This Is Britain: Photographs from the 1970s and 1980s | National Gallery of Art, Washington, DC

BY Mark Alice Durant, May 1, 2023

The Communist Manifesto was first published in London in 1848, so perhaps it is not surprising that Britain is an exceedingly class-conscious society. To this day, with a crazily anachronistic monarchy still demanding money and attention, and ever-deepening financial anxiety for the majority, Karl Marx’s observations on the uneven distribution of wealth and privilege are more relevant than ever. It is a fitting, if an unintentionally satiric, visual prequel that to enter the exhibition This is Britain: Photographs from the 1970s and 1980s (on view through June 11), one must pass through a grand foyer lined with portraits made by Jacques Louis David, Élisabeth Vigée Le Brun, and Francisco Goya of entitled European aristocrats in order to enter smaller galleries to view modest photographs of mostly working-class British citizens.

Chris Killip, Crabs and People, Skinningrove, North Yorkshire, UK, 1981. © Chris Killip Photography Trust / Magnum Photos, Courtesy Augusta Edwards Fine Art

Encompassing photographic projects that explore the cultural changes wrought by the desperation of a post-industrial economy, including immigration, punk, gay rights, and the cultural clampdown of the Thatcher government that came to power in 1979, the exhibition features images from familiar names – Martin Parr, Chris Killip, Sunil Gupta, Paul Graham – and lesser-known photographers including Vanley Burke, Karen Knorr, and Sirkka-Liisa Konttinen. Chris Killip is surely one of the most respected photographers of his generation, and for good reason. The images in this exhibition recall the epic empathy of the WPA photographs combined with a visual grace resonant with street photographers such as Henri Cartier-Bresson and Josef Koudelka. By comparison, Martin Parr’s color images, which are generally understood as critical of the class system, seem like glib indulgences, suggesting the photographer’s superiority to his subjects. This smug condescension is echoed by other photographs in the exhibition, such as Hypnosis Demonstration, Cambridge University Ball (1989), by Chris Steele-Perkins, which the wall text suggests “wryly comments on the excesses and zombie-like conformity of upper-class British youth.”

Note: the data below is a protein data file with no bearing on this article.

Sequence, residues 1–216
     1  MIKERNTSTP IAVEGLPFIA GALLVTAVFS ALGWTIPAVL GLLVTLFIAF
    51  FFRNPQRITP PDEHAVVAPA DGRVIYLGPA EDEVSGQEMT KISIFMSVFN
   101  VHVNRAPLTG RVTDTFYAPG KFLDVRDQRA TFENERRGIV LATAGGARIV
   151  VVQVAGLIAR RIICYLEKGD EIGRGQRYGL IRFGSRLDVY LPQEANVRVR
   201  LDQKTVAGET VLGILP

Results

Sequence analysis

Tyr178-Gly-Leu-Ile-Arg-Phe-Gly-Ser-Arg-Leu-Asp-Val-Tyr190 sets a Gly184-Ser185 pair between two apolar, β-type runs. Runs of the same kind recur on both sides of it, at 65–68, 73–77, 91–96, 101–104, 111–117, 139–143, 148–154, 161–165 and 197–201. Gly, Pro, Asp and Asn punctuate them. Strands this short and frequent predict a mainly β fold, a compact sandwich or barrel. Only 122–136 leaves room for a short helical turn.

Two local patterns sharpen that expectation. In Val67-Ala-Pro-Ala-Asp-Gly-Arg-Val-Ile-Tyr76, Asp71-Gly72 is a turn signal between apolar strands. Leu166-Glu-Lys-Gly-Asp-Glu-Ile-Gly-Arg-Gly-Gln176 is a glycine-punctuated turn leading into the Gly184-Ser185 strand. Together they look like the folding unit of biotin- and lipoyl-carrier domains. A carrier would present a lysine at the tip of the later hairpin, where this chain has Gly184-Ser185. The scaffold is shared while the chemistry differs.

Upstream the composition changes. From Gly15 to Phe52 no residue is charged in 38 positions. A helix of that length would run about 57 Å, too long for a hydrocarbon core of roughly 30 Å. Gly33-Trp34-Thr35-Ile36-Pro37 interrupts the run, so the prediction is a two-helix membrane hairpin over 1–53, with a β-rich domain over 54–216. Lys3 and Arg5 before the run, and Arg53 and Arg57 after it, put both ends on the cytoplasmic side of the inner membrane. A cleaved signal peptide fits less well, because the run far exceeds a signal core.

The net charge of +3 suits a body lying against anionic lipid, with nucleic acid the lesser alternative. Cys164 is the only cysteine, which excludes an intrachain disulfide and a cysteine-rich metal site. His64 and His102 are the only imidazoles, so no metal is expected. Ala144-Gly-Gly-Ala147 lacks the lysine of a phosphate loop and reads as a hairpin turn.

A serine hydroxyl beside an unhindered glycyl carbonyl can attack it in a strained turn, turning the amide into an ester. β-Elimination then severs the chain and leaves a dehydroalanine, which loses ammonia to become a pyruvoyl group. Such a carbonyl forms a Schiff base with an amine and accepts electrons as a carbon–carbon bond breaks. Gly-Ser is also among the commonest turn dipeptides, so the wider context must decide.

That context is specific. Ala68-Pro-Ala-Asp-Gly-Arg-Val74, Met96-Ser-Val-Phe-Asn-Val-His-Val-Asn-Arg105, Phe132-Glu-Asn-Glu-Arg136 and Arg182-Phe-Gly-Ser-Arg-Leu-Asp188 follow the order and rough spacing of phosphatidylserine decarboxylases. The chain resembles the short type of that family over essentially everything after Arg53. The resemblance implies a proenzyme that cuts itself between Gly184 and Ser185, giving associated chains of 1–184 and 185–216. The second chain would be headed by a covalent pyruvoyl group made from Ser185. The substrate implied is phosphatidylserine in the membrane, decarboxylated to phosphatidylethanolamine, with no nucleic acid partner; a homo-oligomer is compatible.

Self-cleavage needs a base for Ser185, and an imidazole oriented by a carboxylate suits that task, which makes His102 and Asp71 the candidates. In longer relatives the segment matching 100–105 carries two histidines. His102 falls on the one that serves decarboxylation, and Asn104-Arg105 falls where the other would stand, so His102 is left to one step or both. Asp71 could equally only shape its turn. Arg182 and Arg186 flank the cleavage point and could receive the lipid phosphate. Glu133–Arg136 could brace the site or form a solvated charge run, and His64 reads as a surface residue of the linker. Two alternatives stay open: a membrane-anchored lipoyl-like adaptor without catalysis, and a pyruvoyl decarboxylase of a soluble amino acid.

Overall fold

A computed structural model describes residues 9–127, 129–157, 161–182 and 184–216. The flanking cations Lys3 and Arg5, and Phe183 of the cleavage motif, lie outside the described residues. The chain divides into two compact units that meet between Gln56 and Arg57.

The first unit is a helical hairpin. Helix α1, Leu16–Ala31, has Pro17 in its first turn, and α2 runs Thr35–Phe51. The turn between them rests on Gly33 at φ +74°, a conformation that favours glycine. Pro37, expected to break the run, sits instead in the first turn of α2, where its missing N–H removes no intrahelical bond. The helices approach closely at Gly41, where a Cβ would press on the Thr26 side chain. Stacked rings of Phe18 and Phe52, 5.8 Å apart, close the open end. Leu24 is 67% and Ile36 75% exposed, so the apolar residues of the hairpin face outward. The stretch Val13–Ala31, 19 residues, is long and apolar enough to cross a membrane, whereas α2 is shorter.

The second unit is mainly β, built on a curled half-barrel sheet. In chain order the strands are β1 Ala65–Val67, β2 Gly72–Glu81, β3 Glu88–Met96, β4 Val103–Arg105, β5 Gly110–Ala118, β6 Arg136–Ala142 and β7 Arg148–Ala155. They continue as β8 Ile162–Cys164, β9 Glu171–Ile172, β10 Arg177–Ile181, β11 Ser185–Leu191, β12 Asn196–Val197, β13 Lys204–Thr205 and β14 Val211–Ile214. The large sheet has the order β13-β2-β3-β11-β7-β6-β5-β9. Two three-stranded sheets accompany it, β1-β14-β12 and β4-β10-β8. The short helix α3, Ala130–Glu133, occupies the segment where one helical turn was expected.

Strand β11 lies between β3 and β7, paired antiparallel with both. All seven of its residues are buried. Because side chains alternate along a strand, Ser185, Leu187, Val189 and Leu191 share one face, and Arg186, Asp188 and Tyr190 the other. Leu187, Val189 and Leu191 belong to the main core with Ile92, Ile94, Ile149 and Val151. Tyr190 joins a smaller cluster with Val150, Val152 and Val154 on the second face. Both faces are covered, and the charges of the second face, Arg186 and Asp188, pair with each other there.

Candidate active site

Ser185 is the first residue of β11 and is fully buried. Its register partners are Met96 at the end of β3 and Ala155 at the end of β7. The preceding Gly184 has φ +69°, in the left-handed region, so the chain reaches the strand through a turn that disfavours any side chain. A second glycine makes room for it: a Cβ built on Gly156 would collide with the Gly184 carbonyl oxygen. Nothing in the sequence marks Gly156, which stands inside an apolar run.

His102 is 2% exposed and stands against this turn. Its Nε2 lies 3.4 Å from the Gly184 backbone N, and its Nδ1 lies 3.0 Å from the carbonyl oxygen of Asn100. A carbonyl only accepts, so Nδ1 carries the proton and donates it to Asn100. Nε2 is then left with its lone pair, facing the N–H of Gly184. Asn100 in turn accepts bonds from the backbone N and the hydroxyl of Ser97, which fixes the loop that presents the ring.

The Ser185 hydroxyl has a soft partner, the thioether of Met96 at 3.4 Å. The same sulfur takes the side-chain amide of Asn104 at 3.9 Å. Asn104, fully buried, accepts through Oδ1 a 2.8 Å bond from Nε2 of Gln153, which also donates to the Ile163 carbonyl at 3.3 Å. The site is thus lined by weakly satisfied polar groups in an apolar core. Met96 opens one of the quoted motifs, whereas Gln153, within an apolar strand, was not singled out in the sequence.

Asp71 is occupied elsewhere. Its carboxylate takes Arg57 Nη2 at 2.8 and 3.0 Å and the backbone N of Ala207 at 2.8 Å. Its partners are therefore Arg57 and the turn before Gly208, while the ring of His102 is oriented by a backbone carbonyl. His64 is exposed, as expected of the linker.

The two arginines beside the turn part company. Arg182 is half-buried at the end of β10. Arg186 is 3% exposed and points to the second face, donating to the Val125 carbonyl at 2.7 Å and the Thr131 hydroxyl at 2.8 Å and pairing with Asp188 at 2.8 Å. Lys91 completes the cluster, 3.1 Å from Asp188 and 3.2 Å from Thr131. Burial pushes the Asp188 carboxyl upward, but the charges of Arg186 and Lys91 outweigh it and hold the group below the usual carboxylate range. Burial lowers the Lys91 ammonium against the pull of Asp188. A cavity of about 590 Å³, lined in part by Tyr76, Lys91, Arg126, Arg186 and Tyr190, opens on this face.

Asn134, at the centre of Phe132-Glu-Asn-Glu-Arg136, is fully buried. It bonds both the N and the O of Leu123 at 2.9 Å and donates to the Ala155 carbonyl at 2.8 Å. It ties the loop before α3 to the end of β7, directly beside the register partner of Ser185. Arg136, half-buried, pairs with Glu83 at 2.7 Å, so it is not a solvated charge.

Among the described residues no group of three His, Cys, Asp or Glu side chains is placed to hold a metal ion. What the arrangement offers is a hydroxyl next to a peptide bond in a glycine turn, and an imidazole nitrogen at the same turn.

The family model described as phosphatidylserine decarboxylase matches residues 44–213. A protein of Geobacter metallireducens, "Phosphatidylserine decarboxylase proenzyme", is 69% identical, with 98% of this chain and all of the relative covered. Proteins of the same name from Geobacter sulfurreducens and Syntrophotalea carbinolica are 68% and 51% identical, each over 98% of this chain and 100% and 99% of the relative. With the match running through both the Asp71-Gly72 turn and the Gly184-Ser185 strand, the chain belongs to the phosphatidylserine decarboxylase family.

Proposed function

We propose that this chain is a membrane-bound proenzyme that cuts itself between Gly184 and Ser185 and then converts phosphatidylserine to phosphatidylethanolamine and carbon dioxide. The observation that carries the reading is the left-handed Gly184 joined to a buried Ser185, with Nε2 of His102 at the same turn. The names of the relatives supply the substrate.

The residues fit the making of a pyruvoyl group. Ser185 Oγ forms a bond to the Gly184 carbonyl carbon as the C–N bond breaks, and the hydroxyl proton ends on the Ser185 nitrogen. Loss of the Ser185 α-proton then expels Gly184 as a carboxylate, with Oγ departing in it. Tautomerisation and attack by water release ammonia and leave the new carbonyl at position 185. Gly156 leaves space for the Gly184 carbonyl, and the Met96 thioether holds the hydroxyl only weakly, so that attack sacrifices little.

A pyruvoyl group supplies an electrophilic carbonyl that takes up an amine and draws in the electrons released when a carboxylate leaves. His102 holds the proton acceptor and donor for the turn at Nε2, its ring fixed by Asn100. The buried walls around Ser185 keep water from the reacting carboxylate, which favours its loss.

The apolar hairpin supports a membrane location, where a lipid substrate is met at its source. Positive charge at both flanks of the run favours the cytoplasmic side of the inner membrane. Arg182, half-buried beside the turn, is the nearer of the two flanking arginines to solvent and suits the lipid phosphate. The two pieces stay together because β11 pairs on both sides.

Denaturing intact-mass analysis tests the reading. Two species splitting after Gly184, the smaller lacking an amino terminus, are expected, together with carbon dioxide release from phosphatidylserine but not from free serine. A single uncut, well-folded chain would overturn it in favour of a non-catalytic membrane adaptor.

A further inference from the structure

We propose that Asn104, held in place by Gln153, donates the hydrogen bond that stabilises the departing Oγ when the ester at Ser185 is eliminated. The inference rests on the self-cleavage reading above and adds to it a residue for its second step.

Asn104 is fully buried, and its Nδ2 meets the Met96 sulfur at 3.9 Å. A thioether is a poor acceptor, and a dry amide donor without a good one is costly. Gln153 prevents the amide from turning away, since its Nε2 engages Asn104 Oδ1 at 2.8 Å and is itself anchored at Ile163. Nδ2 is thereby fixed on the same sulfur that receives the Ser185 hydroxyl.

Sirkka-Liisa Konttinen, Young Couple in a Backyard on a Summer’s Day, 1975. Courtesy L. Parker Stephenson Photographs

In British society, Sunil Gupta was an outsider in several respects. Born in India, raised in Canada, and self-identifying as gay from an early age, Gupta also came to photography in an era when socially conscious photography was becoming influenced by ideas from semiotics, psychoanalysis, and post-colonialism. Gupta’s ‘Pretended’ Family Relationships (1988), of large photo / text color images, was created in response to legislation against “the acceptability of homosexuality as a pretended family relationship.” Politically astute, theatrical, yet also tender, Gupta’s series is a vivid example of how, in the 1970s and 1980s, artist / photographers influenced by critics / theorists such as John Tagg, Hal Foster, Victor Burgin, Martha Rosler, and others sought to complicate and implicate photography in relation to the use and abuse of representation.

Vanley Burke’s photograph Boy with Flag, from 1970, is a symbol of Britain’s post-colonial changing demographics. In this simple, sweet, and declarative image, the young man has disembarked from his bike to look towards the photographer. He appears relaxed and self-assured (perhaps because Burke himself is Jamaican), while the British flag fixed to the bike’s handlebars waves in the breeze as if to say, “This is Britain now.” An unfortunate omission in this abridged overview of socially conscious British photography is the work of Jo Spence. Spence was a feminist and socialist with an intense commitment to working-class issues. She began her photographic career as a wedding photographer in the late 1960s but after studying semiotics with Victor Burgin, Spence became a pioneering photographic artist, curator, and writer, whose work investigated class, gender roles, domesticity, and health. Her imagery, while in some ways more performative than many of the documentary images in this exhibition, was nonetheless, an urgent influence during these decades of contentious cultural change.